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Collecting Pulp Magazines


Originally published on Ephemera site, as an interview by Marty Weil, Ephemera publisher, with Avi Abrams, creator and publisher of Dark Roasted Blend.


Pulp Magazine Expert: Avi Abrams Interview

Avi Abrams, the creator of Dark Roasted Blend and a long-time friend of Ephemera, spoke to Marty Weil about the fine art of pulp magazines. In the following interview, Avi talks about his fascination with pulps and how to collect and care for them.

ephemera: What makes pulp magazines such a highly desirable collectible?

Abrams:
Pulps were chock-full of exciting fiction and lurid in-your-face art. Crammed in 200 or so pages you can often find one full novel, two novelettes, and five stories - all with great action, color, and, if it's scifi genre, stimulating ideas. Consider it being as almost the opposite to the 500-plus page trilogy bricks that crowd the shelves in Chapters.

In some ways there were the literary equivalent of 'manga' - the thrilling, highly visual tales of the Age of Superheroes in the 30s and later the Space Age of the 50s. In the best pulps, such as Astounding Stories and Weird Tales, the quality of fiction has been uniformly very high, with top writers submitting their best work--sometimes the only market for them in the absence of hardcover book publications, and with Hollywood 'silver screen' being very predictable and dull.

So, in other words, if you are an avid reader - not just a collector - then owning pulps means hours of delightful reading entertainment, plus most fiction found there is extremely rare today, and still not reprinted.

ephemera: It makes you wonder why more people don't collect them. Is it because pulp magazines are more fragile than other magazines or books? What can collectors due to preserve the pulps they own? Can damaged pulps be fixed?

Abrams: The term pulp points to the substance they were printed on - a very fragile low-grade paper, yellowish and brittle, with characteristic wooden pulp smell. This makes collecting pulps a precarious occupation, as they crumble with age more than any newspapers, and, if you're prone to reading them, do not hold well after you flip all the pages. Besides, many pulps available on the market today for cheaper price lack the cover; they are called 'coverless', as dealers ripped the covers off unsold issues... and if you have the cover intact, the corners and edges were untrimmed, quick to tear off or become ragged.

There is hardly anything you can do to preserve them - other than handle them with care - this is why pulps in good condition command higher and higher prices on eBay with every year, and the issues in the worst condition are often bound together in a sort of hardcover collection volume, and sold that way. Many rare issues are beyond help - and require digitizing, scanning, and preserving the contents in the digital form. A few libraries have magazine collections - but they are extremely valuable and are treated as such.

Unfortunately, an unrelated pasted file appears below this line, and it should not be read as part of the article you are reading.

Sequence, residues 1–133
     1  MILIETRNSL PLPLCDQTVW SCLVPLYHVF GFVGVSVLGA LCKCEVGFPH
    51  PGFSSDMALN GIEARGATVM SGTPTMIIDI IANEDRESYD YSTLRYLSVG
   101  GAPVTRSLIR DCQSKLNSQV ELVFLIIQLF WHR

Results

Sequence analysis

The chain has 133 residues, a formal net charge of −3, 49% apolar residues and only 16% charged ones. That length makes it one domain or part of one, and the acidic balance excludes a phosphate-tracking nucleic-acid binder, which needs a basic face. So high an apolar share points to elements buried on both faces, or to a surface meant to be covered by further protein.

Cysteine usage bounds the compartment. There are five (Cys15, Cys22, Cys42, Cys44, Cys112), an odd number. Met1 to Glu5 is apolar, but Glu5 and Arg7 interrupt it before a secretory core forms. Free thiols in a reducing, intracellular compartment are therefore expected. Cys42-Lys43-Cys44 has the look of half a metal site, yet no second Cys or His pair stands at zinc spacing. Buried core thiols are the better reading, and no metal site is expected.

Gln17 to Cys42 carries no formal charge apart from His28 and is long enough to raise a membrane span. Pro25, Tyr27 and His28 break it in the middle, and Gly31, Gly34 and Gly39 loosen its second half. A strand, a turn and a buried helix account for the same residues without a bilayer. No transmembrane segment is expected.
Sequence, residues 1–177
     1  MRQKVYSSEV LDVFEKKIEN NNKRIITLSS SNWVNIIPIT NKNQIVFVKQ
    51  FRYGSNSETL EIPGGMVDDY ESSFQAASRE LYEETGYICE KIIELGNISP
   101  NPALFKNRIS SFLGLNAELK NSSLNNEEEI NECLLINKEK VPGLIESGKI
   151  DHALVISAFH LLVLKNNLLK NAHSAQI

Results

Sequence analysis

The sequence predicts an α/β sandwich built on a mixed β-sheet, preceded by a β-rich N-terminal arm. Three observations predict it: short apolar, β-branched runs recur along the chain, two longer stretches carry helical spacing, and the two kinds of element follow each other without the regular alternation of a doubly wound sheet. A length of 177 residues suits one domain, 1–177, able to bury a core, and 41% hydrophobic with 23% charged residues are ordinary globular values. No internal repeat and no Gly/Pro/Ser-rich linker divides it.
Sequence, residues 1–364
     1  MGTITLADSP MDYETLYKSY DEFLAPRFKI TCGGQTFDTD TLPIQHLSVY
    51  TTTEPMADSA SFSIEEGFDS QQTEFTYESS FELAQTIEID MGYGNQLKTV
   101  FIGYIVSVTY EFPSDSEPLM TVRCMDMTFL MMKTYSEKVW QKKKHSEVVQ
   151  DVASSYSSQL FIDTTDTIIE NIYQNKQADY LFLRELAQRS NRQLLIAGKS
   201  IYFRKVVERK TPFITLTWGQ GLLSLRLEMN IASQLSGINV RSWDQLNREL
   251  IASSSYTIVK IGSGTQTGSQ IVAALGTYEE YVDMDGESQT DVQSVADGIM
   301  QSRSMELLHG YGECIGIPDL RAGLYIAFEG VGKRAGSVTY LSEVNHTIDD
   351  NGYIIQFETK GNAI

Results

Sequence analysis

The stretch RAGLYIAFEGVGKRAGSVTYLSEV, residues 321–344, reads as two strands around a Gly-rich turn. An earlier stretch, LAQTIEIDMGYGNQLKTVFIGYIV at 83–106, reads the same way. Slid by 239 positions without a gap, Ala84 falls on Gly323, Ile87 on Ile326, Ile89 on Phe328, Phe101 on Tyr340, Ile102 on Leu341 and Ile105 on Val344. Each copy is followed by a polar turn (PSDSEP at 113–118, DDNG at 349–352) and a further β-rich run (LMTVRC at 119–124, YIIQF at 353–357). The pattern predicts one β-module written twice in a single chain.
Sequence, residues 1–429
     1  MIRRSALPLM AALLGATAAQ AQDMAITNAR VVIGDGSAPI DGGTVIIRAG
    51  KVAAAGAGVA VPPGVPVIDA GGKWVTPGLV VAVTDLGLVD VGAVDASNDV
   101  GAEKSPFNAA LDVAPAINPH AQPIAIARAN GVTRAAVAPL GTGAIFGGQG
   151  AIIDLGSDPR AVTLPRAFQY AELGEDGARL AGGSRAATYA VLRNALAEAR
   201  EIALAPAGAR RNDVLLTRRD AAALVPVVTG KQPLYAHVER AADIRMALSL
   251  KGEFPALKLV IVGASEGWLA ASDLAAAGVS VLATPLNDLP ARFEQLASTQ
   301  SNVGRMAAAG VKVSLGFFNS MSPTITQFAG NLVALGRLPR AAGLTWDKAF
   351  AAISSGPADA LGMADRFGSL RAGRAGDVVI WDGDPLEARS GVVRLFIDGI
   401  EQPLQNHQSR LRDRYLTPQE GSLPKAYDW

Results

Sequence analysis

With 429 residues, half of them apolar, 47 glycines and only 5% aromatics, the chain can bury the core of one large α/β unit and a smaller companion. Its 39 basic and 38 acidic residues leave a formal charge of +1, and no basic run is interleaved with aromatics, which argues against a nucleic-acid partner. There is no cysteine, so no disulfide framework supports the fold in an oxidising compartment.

ephemera: What are the most highly prized pulp magazines? Do you have any of these show stoppers in your collection?

Abrams: The full run of Weird Tales is something of a treasure, and only two libraries in the world have it. I can speak only for pulp magazines in the fantastic genre - the issues with early stories of H. P. Lovecraft, Edmond Hamilton, Clark Ashton Smith, and some rare science fiction pulps with Philip K. Dick stories - all command a higher price. I attempt to collect as much fiction of Edmond Hamilton and Leigh Brackett as I can - and all these issues are high-in-demand. Larger-format Amazing Stories and Astounding Stories from the 30s - all are beautiful investments, as the interest in super-science and the Age of Wonder seem to be coming back in recent years.

ephemera: What advice do you have for anyone considering building a pulp magazine collection? Are there books or resources available?

Abrams: I would advice to buy the issues you'd like to read yourself, some of it may depreciate faster, but you'll have the added pleasure of owning some grand fiction that is not available today in any other form. You should have some 'core' issues in the best condition possible, and look for early appearances of prominent writers, such as Ray Bradbury and Philip K. Dick. Also, look at the cover artist and the illustrations inside - issues with artists like Hannes Bok and Virgil Finlay are more valuable.

Pretty good guide and resource - available in any Chapters today - is Science Fiction Collectibles: Identification and Price Guide by Stuart W. Wells. For all vintage SF-related info, The Encyclopedia of Science Fiction by Peter Nicholls (1974 edition, or the current online version) is the best, and I highly recommend ISFDB: The Internet Speculative Fiction Database for great covers and pulp issues info.

Most of all, enjoy the color and action of the most rewarding adventure and 'wonder' fiction of all times - published between the dog-eared covers on the crumbling yellow paper - while they still exist in the original, not digitized form.

ephemera:
Thanks, Avi. This has been a fun, educational, and enlightening interview, which I'm confident will help a lot of collectors, and may even inspire a few people to start collecting pulps. Click here to read Avi's SF pulp reviews.


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Most reviews are written by Avi Abrams, unless otherwise noted. Reviews also appear on our unique historical retrospective page Wonder Timeline of Science Fiction. Feel free to submit your own review, if a particular story is not listed here.


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sense-of-wonder, "visual intensity" and inventiveness

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--/ style award
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